The poll also found largely negative views about Qatar’s state-run news agency, Al Jazeera, with 50 percent of those who knew of the station saying it promoted a “negative influence of U.S. image abroad” and 44 percent saying it gave “a platform to the terror groups linked to Osama bin Laden.”YouGov’s work, especially in the recent British election, is considered of a high quality. Yet in the Persian Gulf crisis, even reliable polling data bears extra scrutiny. Notably, the English-language newspaper that commissioned the poll, Arab News, is based in Saudi Arabia and owned by a company led by Turki bin Salman al-Saud, a member of the Saudi royal family.

And though the poll largely asked about Qatar, there were some unpleasant numbers for Saudi Arabia, too. Thirty-five percent of Americans considered Saudi Arabia unfriendly or an enemy, according to the poll. Those negative numbers were higher than they were for Qatar (31 percent) and not far off the 37 percent who considered Saudi Arabia friendly or an ally. Notably, there were more positive views of the United Arab Emirates, another party in the anti-Qatar bloc, who was seen as a friend or an ally by 39 percent and unfriendly or an enemy by 24 percent.

These differences may be partly explained by the fact that Americans remain more familiar with Saudi Arabia and the UAE than Qatar. Only 28 percent said they were not sure what they thought about the Saudi kingdom, 37 percent said the same of the United Arab Emirates, and 43 percent said they did not know what they thought of Qatar. When asked to list the attributes they associated with Qatar, 50 percent said they did not know enough about Qatar to answer.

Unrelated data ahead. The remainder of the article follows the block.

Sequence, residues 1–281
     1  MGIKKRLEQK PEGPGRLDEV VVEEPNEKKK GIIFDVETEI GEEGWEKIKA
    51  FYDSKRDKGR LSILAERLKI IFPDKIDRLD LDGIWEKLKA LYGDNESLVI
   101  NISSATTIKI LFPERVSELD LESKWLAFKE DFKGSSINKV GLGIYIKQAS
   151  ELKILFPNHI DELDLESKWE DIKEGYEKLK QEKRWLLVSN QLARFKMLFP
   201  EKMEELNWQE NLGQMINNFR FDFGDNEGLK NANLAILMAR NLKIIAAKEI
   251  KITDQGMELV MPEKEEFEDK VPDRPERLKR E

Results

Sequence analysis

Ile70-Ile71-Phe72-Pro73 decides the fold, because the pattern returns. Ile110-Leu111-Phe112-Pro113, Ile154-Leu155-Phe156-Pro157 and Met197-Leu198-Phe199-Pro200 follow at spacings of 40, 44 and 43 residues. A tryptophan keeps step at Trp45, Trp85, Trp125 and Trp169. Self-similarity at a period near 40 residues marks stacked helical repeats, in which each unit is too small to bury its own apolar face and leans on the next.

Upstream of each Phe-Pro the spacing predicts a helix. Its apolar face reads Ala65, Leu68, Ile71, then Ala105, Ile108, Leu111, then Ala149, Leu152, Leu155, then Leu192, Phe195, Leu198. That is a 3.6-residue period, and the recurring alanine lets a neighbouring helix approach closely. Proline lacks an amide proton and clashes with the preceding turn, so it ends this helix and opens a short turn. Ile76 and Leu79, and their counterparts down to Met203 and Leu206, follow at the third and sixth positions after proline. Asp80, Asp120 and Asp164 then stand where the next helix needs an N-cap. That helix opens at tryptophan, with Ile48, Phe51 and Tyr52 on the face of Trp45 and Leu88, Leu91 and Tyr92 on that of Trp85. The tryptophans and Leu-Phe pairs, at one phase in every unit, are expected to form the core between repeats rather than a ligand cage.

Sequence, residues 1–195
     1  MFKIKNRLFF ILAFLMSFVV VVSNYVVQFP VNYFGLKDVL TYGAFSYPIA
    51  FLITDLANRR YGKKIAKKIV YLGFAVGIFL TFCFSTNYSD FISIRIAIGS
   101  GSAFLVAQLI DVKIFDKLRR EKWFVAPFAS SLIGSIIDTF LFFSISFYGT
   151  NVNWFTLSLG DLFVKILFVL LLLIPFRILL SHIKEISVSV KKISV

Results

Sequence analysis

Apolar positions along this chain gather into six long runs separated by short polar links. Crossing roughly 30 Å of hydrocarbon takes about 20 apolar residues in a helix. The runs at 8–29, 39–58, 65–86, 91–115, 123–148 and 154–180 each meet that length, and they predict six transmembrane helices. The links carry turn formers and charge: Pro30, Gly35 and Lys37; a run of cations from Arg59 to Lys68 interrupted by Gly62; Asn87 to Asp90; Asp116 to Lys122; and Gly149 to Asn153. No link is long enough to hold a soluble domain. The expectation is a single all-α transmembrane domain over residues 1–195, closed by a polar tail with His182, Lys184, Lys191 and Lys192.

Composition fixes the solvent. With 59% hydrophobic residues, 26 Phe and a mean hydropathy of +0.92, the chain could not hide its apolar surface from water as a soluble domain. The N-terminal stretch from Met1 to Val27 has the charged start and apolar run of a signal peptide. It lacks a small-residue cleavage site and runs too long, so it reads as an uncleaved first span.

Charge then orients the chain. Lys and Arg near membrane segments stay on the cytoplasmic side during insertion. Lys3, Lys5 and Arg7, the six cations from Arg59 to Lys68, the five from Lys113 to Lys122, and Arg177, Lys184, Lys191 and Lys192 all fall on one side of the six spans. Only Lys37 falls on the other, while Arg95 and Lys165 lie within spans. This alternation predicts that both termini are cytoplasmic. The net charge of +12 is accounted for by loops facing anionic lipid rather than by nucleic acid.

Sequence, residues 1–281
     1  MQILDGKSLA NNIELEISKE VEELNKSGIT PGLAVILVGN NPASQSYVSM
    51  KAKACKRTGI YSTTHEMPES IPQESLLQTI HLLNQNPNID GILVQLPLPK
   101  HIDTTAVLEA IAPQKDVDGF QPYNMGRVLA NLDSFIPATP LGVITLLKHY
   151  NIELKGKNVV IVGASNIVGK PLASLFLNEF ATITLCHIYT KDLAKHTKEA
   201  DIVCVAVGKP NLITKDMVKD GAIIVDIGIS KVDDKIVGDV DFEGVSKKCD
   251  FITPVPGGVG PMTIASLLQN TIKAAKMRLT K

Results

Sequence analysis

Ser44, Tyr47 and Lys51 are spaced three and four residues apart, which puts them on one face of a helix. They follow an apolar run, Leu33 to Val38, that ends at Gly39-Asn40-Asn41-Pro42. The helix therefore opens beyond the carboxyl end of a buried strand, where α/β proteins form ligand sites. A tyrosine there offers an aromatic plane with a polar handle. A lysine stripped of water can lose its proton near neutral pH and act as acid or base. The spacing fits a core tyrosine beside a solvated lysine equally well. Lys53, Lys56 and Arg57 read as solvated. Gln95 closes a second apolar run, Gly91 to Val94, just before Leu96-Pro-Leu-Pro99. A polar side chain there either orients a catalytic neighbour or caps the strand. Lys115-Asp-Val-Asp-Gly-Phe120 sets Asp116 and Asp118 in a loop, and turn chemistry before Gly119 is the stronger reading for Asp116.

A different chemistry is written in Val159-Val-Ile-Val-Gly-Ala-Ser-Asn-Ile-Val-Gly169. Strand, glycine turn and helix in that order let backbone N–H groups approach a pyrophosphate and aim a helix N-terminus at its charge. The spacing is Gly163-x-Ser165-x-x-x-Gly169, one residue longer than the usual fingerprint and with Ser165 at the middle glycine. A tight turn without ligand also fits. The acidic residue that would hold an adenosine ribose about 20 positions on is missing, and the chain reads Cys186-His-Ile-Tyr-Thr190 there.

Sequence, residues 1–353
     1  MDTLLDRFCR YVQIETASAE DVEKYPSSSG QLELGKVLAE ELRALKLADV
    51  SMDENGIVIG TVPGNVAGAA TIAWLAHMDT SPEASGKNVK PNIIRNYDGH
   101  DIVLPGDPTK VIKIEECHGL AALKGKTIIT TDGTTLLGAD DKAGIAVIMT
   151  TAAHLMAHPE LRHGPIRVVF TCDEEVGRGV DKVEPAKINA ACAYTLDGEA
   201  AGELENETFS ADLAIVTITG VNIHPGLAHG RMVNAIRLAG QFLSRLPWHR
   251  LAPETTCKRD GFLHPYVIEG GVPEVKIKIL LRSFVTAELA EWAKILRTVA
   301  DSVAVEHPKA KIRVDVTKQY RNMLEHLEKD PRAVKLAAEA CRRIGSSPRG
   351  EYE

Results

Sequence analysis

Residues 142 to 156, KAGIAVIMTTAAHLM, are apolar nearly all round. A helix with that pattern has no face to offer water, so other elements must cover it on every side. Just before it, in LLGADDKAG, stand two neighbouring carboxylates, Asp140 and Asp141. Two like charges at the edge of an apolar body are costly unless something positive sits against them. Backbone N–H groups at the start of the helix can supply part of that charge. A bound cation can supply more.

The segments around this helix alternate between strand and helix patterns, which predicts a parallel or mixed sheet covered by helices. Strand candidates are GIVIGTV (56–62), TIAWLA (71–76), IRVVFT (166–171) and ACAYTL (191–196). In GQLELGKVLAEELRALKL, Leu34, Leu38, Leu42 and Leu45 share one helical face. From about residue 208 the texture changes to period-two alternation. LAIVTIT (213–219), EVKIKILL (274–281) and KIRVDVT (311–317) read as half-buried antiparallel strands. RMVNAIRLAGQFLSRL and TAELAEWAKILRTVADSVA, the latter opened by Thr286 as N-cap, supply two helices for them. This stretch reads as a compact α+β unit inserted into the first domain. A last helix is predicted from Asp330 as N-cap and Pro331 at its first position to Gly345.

As Iyad el-Baghdadi, an activist based in Norway, sarcastically put it on Twitter, “I’m surprised 27% of Americans even know Qatar exists.”

There’s little comparable data from other polls to show how American views of Qatar might have changed. But there’s plenty for Saudi Arabia, and it tends to show a long-standing distrust of the country among Americans. For example, polling from Gallup shows that since 2002, a majority of Americans have had “mostly” or “very” unfavorable views of Saudi Arabia (65 percent in one poll conducted earlier this year).

In a statement, Stephan Shakespeare, chief executive of YouGov, noted that the “American public is not usually characterized by its strong interest in foreign affairs, rather the opposite.” However, he argued, the American public seemed to be increasingly aware of the Persian Gulf crisis. Abdellatif el-Menawy, an Egyptian journalist, suggested in a column for Arab News that the poll showed the need for Qatar to pay more attention to its communications strategy.

However, the lingering negative views toward Saudi Arabia shown in the poll suggests that Qatar may not be the only country that needs to heed that advice.

YouGov conducted online interviews of 2,263 U.S. citizens age 18 or older between July 19 and July 21 for the survey. The margin of error is plus or minus 2.6 percentage points, adjusted for weighting.